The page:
The Health Insurance Portability and Accountability Act (HIPAA) was passed on August 21, 1996, with the dual goals of making healthcare delivery more efficient and increasing the number of Americans with health insurance coverage. This complex and comprehensive set of federal regulations covers various aspects of healthcare, such as health plans, health care providers, health care clearinghouses, and business associates. In this post, Bobby Edwards, BridgeHead’s Principal Solutions Consultant for HealthStore, provides an overview of the HIPAA rule as it has evolved over time to help you navigate your way through the core regulations and ensure you are compliant with the law.
The HIPAA Timeline
- August 1996 – HIPAA Signed into Law.
- April 2003 – Effective Date of the HIPAA Privacy Rule.
- April 2005 – Effective Date of the HIPAA Security Rule.
- March 2006 – Effective Date of the HIPAA Breach Enforcement Rule.
- September 2009 – Effective date of the Breach Notification Rule.
- March 2013 – Effective Date of the Final Omnibus Rule.
(Please click on the section headings below to reveal more information about each stage of the HIPAA timeline).
The HIPAA Privacy Rule
In response to the HIPAA mandate, the Department of Health & Human Services (HHS) published a final regulation in the form of the Privacy Rule in December 2000, which became effective on April 14, 2001. The HIPAA Privacy Rule for the first time creates national standards to protect individuals’ medical records and other personal health information. It effectively gives patients more control over their health information and sets boundaries on the use and release of health records.
Under the Privacy Rule, covered entities must:
- Implement administrative, physical, and technical safeguards to ensure the confidentiality, integrity, and availability of Protected Health Information (PHI)
- Limit the use and disclosure of PHI to only the minimum necessary to accomplish a specified purpose
- Obtain written authorization from individuals before using or disclosing their PHI, except in certain circumstances such as for treatment, payment, and healthcare operations
- Provide individuals with a notice of their privacy rights and how their PHI will be used and disclosed
- Allow individuals to access, review, and obtain a copy of their PHI, and to request that any errors or omissions be corrected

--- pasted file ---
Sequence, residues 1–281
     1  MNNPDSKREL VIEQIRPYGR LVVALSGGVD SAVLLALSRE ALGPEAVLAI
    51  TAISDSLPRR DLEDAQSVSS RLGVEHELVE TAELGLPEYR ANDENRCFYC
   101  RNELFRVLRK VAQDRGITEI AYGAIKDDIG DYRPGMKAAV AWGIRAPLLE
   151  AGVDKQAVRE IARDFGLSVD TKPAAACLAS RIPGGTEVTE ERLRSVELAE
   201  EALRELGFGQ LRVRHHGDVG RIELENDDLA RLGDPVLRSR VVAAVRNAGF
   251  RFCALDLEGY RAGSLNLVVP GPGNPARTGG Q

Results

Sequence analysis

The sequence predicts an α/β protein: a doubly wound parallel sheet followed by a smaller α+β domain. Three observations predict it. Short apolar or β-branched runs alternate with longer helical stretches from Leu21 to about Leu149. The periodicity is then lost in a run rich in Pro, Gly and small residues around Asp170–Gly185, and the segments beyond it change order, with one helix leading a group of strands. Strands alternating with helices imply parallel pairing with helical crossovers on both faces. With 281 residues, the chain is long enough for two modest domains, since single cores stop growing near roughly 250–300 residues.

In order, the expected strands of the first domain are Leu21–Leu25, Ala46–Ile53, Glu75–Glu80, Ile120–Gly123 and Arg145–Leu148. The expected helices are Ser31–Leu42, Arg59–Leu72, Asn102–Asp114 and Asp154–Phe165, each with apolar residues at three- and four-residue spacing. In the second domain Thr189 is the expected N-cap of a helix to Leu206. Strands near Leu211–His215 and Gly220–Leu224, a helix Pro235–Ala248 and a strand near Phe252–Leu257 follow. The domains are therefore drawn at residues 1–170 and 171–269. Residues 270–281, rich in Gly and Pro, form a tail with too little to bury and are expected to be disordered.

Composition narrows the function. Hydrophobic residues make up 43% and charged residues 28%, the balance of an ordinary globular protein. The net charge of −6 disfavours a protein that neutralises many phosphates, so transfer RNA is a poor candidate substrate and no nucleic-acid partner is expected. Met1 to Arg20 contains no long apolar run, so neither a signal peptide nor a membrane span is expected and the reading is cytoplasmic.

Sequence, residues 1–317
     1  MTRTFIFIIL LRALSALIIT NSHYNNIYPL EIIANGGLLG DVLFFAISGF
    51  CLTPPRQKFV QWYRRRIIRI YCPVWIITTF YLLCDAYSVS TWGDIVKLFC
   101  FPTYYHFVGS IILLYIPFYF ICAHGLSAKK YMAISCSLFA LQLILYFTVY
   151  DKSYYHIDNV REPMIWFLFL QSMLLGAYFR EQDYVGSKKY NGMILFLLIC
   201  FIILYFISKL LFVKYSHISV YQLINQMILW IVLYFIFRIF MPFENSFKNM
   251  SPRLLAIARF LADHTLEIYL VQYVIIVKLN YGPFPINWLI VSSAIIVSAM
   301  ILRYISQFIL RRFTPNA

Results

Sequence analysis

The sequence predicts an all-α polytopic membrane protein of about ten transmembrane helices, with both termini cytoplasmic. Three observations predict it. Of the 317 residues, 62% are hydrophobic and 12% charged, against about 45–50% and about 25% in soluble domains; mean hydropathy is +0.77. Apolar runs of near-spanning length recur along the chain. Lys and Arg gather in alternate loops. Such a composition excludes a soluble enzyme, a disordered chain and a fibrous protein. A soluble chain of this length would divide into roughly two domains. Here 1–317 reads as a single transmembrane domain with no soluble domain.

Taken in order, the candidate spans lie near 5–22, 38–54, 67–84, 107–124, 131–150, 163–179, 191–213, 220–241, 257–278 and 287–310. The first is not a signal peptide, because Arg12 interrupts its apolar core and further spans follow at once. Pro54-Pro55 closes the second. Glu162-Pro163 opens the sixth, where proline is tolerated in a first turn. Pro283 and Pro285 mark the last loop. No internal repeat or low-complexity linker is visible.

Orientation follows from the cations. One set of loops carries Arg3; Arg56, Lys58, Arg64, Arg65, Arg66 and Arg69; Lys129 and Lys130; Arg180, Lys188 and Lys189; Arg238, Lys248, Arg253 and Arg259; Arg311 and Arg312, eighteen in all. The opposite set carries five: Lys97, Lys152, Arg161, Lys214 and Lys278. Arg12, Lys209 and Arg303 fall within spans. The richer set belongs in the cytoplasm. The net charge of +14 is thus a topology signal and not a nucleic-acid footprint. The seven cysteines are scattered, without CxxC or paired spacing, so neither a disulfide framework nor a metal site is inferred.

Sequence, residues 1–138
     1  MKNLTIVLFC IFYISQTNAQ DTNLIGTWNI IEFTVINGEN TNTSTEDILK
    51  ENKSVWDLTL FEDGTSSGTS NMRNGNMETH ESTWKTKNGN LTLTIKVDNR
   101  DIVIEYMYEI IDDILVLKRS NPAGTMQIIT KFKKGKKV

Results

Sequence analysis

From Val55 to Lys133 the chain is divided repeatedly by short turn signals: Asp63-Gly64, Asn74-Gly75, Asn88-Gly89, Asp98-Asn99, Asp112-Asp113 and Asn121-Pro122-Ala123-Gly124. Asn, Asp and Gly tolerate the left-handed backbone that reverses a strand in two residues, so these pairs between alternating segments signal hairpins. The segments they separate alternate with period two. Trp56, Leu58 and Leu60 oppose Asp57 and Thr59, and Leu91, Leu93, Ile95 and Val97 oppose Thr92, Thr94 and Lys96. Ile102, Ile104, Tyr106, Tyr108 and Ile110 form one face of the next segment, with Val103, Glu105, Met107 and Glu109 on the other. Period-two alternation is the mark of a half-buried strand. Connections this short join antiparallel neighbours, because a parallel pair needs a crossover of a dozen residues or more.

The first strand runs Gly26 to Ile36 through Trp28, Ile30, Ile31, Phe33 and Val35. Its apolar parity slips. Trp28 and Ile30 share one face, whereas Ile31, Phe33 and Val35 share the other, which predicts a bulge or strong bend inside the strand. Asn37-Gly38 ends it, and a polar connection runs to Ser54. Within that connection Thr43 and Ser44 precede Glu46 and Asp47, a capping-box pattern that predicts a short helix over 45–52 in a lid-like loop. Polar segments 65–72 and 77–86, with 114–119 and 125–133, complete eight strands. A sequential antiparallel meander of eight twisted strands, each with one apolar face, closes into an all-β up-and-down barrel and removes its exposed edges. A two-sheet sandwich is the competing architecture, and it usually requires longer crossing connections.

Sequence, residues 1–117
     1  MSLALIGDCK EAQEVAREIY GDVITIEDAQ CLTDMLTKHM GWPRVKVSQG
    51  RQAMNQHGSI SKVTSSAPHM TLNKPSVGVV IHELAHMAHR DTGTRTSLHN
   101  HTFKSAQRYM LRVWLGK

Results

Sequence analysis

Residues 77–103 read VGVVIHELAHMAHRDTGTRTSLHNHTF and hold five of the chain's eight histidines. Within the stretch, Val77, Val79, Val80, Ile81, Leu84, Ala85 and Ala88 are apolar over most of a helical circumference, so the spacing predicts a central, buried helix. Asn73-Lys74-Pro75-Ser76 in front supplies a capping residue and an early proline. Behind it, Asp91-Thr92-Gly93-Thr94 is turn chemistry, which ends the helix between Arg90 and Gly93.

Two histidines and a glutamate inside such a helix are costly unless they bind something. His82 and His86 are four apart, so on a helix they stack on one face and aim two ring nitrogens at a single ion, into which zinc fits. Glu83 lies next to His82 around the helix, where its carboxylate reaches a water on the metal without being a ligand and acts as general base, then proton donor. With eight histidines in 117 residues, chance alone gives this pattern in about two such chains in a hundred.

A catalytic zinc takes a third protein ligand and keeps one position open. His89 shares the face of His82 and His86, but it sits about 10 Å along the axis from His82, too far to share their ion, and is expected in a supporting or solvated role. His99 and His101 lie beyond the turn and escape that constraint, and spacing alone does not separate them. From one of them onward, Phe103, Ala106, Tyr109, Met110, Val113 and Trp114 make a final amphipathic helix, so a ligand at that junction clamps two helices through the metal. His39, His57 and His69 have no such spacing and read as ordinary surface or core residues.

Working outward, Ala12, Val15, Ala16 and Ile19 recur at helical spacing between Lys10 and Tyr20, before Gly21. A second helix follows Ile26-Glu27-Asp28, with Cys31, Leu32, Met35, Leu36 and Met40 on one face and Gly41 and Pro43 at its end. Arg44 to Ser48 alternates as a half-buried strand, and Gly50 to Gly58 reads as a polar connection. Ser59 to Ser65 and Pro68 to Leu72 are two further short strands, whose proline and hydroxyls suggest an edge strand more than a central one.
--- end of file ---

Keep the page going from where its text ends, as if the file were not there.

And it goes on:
- Notify individuals in the event of a breach of their unsecured PHI.
The Privacy Rule applies to covered entities, which include healthcare providers, health plans, and healthcare clearinghouses. Business associates, such as third-party vendors and contractors that handle PHI on behalf of covered entities, are also subject to the Privacy Rule. Failure to comply with the Privacy Rule can result in significant financial penalties and other legal consequences.
The HIPAA Security Rule
The HIPAA Security Rule is a federal law that establishes national standards for the security of electronic protected health information (ePHI) in the United States. The Security Rule is a companion to the Privacy Rule, which governs the privacy of personal health information (PHI). Both the Privacy Rule and Security Rule are concerned with protecting PHI, the Privacy Rule covers data in all formats, including printed documentation; where the Security Rule is specifically for data maintained in an electronic state.
HHS published a final Security Rule in February 2003. This Rule sets national standards for protecting the confidentiality, integrity, and availability of electronic protected health information (ePHI). Compliance with the Security Rule was required as of April 20, 2005 (April 20, 2006 for small health plans).
The Security Rule requires covered entities to implement administrative, physical, and technical safeguards to protect the confidentiality, integrity, and availability of ePHI. These safeguards must be appropriate for the size, complexity, and capabilities of the covered entity, as well as the nature of the ePHI that it creates, receives, maintains, or transmits.
The Security Rule requires covered entities to:
- Conduct a risk analysis to identify potential risks and vulnerabilities to the confidentiality, integrity, and availability of ePHI
- Implement security measures to reduce identified risks and vulnerabilities to a reasonable and appropriate level
- Train workforce members on security policies and procedures
- Establish contingency plans in the event of a disaster or emergency
- Regularly review and update security measures to ensure that they remain effective
- Maintain documentation of all security policies and procedures
- Provide notification in the event of a security breach.
The Security Rule applies to covered entities, which include healthcare providers, health plans, and healthcare clearinghouses. Business associates, such as third-party vendors and contractors that handle ePHI on behalf of covered entities, are also subject to the Security Rule.
Compliance with the Security Rule is mandatory, and failure to comply can result in significant financial penalties and other legal consequences.
The Enforcement Rule
Although the HSS already had the authority to investigate complaints against Covered Entities for failing to comply with the Privacy Rule, the Enforcement Rule of March 2006 explained how the agency would conduct investigations and issue civil monetary penalties if a suitable resolution could not be achieved by voluntary compliance.